# Finding Your Neighbors Using Neo4j

# Finding Your Neighbors Using Neo4j

### In Mr. Rogers' Neighborhood, the question ''Won't you be my neighbor?'' is an invitation for somebody to be close to you. In graphs, it's an invitation to traverse.

Join the DZone community and get the full member experience.

Join For FreeIn Mr. Rogers' Neighborhood, the question "Won't you be my neighbor?" is an invitation for somebody to be close to you. In graphs, it's an invitation to traverse. The closest neighbors of a node are those reachable by a single relationship hop, but we can also consider nodes two, three or more hops away from our neighbors as well. How can we find them in Neo4j? Using the "star":

```
MATCH (b:Person{personId:'15751062'}) -[*1..4]-> (c)
RETURN count(DISTINCT c);
```

The query above says find a Person with this personId and then traverse out 4 hops and return the count of all the distinct neighbors we find along the way. If we add the word PROFILE to that cypher query, we can see what its doing:

It starts out by finding the first node using an index seek, and then it does a "VarLengthExpand(Pruning)" operation, counts the rows and outputs the result. In this test dataset, the result is 2,516,551 neighbors 4 hops out. That's the size of a City, so this person has a ton of neighbors. It takes about 12 seconds to find all of these. What if we go out one more hop to 5 hops? In this test dataset, the result is 5,296,421 neighbors and it takes about a minute to complete. Yikes, what is it doing?

Well, the VarLengthExpand means expand a variable length path, easy enough. So what does the Pruning part that mean? It means we are pruning the source set of nodes at each hop, so we have fewer nodes to expand from. This is nice, but Cypher guarantees that all paths have unique relationships, so it keeps track of all the paths as it goes along. That's too much work. Since all we want is the distinct neighbors, we can ignore keeping track of the paths and just keep track of the nodes we have already seen. How do we do this? Well with a stored procedure.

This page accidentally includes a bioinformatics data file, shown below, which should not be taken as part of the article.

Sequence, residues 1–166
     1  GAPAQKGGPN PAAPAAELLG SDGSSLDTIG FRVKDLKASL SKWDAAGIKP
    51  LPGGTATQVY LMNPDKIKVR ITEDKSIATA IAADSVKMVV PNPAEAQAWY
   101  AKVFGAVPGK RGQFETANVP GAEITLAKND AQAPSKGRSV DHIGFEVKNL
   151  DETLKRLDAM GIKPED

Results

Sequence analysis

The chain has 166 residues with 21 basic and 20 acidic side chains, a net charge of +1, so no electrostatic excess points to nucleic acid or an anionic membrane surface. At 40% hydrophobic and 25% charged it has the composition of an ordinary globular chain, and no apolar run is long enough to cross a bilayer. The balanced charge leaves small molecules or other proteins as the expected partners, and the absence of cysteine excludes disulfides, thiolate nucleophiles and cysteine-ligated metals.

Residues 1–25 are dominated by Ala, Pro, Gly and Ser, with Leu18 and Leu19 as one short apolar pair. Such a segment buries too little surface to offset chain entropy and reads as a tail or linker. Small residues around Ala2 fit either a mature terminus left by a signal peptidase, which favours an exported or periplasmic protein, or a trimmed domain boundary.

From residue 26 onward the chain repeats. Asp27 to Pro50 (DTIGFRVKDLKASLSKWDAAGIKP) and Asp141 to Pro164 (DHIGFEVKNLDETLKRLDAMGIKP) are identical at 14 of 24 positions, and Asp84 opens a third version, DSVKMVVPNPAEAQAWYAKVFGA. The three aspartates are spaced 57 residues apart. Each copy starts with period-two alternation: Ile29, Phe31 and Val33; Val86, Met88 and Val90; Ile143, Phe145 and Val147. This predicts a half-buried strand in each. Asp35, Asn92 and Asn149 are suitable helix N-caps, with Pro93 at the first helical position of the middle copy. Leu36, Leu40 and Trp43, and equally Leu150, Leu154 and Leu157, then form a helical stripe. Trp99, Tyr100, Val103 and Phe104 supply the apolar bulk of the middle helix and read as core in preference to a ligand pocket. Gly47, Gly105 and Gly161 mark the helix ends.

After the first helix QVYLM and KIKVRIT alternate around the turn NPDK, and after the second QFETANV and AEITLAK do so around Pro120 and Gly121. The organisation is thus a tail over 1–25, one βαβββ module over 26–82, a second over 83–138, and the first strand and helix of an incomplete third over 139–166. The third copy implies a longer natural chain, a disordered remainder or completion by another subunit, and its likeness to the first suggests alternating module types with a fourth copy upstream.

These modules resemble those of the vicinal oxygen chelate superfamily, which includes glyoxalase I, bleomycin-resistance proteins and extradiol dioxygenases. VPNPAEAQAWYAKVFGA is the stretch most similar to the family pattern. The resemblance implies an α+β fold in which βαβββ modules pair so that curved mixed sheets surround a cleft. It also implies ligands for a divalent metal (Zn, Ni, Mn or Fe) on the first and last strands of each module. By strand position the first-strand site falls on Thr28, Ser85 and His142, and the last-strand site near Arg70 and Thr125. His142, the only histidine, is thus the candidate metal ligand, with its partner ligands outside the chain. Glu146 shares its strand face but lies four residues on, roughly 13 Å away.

We will be using my favorite Java library RoaringBitmap for this trick. We will create 3 of them. One to keep track of all the nodes we have already seen, one to keep track of the nodes we need to traverse, and another to keep track of the nodes we reached in our last hop. So let's start by adding our starting node to seen:

```
public Stream<NumberResult> neighbors(@Name("node") Node node, @Name("n") Number n) throws IOException {
// Initialize bitmaps for iteration
RoaringBitmap seen = new RoaringBitmap();
RoaringBitmap nextA = new RoaringBitmap();
RoaringBitmap nextB = new RoaringBitmap();
seen.add((int) node.getId());
```

Next, we traverse from our starting node out and put all of the nodes found in nextB.

```
for (Relationship r : node.getRelationships(Direction.OUTGOING)) {
nextB.add((int) r.getEndNodeId());
}
```

We don't know how far we are going to go since the number of hops is a variable "n" so we will loop. First, we prune all of the seen nodes from the set we are going to traverse, in this case, nextB. We then add all of them to seen and we clear nextA, which is where the nodes found will go. Then for each node in nextB, we traverse:

```
for(int i = 1; i < n.intValue(); i++) {
// next even Hop
nextB.andNot(seen);
seen.or(nextB);
nextA.clear();
for (Integer nodeId : nextB) {
for (Relationship r : db.getNodeById((long) nodeId).getRelationships(Direction.OUTGOING)) {
nextA.add((int) r.getEndNodeId());
}
}
```

If the value of n is an odd number, we go ahead and traverse again in the same for loop after incrementing i, only the nextA and nextB are reversed:

```
i++;
if (i < n.intValue()) {
// next odd Hop
nextA.andNot(seen);
seen.or(nextA);
nextB.clear();
for (Integer nodeId : nextA) {
for (Relationship r : db.getNodeById((long) nodeId).getRelationships(Direction.OUTGOING)) {
nextB.add((int) r.getEndNodeId());
}
}
}
```

At the end, we need to add either nextA or nextB to our seen list...

```
if((n.intValue() % 2) == 0) {
seen.or(nextA);
} else {
seen.or(nextB);
}
```

... remove our starting node, and then return the cardinality of seen, which is our count:

```
seen.remove((int) node.getId());
return Stream.of(new NumberResult(seen.getCardinality()));
```

How well does this perform in our test database? Well for 4 hops, it finishes in 3.5 seconds which is better than the 12 we started with. For 5 hops, it finishes in 10 seconds, instead of the minute we had before. If we keep going, we get 6 hops in 16 seconds, 7 hops in 21 seconds, 8 hops in 22 seconds, 9 hops in 23 seconds, 10 hops in 24 seconds... Why does it seem to level off? Well, we are running out of nodes to traverse. Anytime we run into a node we have already seen, we ignore it. Our cypher query doesn't fare so well as it has to keep track of all the paths and eats up a ton of memory doing so.

Longtime readers may remember a similar trick I used at the bottom of this post. In that case, I was keeping track of the number of distinct nodes found at different distances. If you have a need for this kind of traversal, it's available on GitHub on this repository, but those willing to wait a bit will find them soon added to APOC.

Published at DZone with permission of Max De Marzi , DZone MVB. See the original article here.

Opinions expressed by DZone contributors are their own.

## {{ parent.title || parent.header.title}}

{{ parent.tldr }}

## {{ parent.linkDescription }}

{{ parent.urlSource.name }}